April 4, 2006
by Canadian Architect
This competition involves the urban design of a residential neighbourhood that should be responsive to the objective and subjective needs of 5,000-7,000 residents. Submissions must determine the areas needed for different land uses, propose appropriate urban forms, and take into account both pedestrian and vehicular movement networks. Landscaping should also be considered as an integral part of the design of a good residential neighbourhood.
Through this competition, the following objectives will be sought:
*Reflect the local Arab Muslim society identity through the design of a residential neighbourhood that is responsive to the needs of the Saudi family.
*Strengthen the feeling of belonging to the neighbourhood and reinforce the sense of community among its residents.
*Propose dwelling types that would be responsive to the needs of different living standards.
*Secure the privacy of the family within its dwelling unit.
*Motivate social cohesion among residents.
*Provide for the necessary public services and amenities whether they are educational, socio-cultural, or leisure. A balanced distribution of these services within the neighbourhood and the residential quarter is required.
*Take into consideration the aesthetic aspects of a residential environment through outdoor open space design (trees, pavement, fences, signs, lighting, colours).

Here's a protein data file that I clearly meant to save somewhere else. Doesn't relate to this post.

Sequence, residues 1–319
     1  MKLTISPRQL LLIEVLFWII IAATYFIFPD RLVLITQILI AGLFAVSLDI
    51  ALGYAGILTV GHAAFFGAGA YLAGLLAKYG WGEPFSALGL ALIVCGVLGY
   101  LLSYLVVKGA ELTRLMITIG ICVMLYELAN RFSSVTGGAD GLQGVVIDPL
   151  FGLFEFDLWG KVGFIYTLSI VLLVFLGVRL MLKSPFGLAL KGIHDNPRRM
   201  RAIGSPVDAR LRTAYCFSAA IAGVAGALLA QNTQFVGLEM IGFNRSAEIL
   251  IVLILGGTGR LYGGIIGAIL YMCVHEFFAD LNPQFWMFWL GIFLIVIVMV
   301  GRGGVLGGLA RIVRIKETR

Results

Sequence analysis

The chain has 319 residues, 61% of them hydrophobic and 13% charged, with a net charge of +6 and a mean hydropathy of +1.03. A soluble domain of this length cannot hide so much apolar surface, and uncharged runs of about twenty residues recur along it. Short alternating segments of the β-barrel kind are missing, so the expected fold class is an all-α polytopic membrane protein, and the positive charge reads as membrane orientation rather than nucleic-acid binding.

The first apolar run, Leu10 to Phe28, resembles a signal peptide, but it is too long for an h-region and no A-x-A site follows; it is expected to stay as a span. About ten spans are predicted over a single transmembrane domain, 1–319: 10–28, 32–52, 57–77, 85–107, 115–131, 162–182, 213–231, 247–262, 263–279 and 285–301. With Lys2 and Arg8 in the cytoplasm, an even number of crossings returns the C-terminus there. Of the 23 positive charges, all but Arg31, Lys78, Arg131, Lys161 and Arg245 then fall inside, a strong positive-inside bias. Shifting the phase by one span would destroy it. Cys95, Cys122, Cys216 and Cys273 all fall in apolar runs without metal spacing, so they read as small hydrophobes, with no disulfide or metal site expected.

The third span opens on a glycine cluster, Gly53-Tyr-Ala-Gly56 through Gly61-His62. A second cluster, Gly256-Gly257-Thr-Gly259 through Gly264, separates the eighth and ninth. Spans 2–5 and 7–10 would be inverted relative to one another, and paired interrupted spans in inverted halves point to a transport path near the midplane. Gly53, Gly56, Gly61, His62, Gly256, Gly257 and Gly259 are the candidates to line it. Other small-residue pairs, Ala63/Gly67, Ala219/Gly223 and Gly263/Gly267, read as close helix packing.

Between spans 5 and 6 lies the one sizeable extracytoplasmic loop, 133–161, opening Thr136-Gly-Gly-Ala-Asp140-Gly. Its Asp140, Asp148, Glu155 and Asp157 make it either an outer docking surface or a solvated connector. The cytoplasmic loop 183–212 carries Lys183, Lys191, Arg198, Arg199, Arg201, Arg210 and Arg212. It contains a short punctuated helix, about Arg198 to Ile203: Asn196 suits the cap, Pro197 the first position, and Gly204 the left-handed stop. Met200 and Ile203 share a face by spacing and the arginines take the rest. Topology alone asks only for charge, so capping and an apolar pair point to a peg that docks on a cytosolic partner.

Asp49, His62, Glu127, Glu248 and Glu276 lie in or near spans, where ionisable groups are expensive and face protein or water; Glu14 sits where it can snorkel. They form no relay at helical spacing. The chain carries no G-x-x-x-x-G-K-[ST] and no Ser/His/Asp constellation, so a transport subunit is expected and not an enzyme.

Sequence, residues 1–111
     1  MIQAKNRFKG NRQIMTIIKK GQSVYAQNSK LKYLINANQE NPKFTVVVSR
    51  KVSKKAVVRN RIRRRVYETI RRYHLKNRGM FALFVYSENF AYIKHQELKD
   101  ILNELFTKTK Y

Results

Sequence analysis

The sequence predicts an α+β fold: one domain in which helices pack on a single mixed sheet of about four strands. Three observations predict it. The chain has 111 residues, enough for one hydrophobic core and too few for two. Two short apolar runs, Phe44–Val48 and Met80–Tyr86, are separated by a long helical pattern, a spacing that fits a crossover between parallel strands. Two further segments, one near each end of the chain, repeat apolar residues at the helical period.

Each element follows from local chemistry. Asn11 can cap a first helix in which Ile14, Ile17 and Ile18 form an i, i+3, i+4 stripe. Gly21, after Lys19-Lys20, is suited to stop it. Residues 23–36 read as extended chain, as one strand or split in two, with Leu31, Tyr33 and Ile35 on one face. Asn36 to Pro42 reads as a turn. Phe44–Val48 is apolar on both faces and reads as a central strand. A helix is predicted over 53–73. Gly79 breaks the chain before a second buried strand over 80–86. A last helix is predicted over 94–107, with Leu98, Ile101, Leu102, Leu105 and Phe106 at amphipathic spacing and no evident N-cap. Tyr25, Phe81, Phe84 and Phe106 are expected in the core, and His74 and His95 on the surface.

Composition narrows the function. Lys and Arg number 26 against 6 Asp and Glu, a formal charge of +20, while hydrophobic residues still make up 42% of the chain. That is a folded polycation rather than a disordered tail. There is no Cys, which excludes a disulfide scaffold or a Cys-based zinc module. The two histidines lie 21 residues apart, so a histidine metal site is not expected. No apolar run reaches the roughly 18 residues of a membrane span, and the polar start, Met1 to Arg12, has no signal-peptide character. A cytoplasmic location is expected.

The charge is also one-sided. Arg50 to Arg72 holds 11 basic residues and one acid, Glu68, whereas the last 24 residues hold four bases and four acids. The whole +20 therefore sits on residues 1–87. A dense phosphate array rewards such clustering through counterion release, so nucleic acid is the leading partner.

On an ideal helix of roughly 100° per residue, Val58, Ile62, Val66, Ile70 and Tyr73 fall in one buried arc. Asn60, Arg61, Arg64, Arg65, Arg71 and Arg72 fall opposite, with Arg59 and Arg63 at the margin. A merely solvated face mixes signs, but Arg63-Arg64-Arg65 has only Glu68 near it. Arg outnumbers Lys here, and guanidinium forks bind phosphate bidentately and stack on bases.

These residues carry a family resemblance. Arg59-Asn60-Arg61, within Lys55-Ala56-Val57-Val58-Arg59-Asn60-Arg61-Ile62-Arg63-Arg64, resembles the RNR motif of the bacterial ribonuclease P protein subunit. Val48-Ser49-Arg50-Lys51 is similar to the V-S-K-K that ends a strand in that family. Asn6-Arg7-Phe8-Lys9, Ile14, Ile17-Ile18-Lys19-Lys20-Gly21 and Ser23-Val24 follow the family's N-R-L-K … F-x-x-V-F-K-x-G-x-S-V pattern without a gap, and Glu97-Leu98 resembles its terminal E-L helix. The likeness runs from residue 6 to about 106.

*Contribute to neighbourhood security through a hierarchy of urban spaces and land use planning either at the neighbourhood or quarter level. The whole design must lead to vibrant streets and places.
*Take account of residents’ safety through sound planning of structured vehicular and pedestrian networks.
*Take account of economic considerations and sustainability issues through the sound use of land areas and avoid high execution, operational and maintenance costs to the neighbourhood.
*New design ideas can be useful in the planning of new neighbourhoods.
The competition aims also at benefiting those who are involved in the field of urban planning and design in the Kingdom whether they are practitioners or developers in the private or the public sectors. It is hoped that these new design ideas will help rethinking the typical and predominant super-grid block (2kmx2km) that has dominated Arriyadh residential neighbourhood planning.
A jury has yet to be announced consisting of Saudi and international academic professors, professionals and experts in the field of urban design. Students and professionals will have separate juries.
The competition is open to professionals and students (teams or individuals) worldwide. There is no entry fee for students; but professionals must submit SR500. All inquiries must be e-mailed and sent to the Competition Committee in the name of “Head of Technical Committee” during the period indicated in the following schedule.
The registration deadline is May 3, 2006, and the submission deadline is July 22, 2006. For more information, please visit www.housing3udc.com or e-mail [email protected]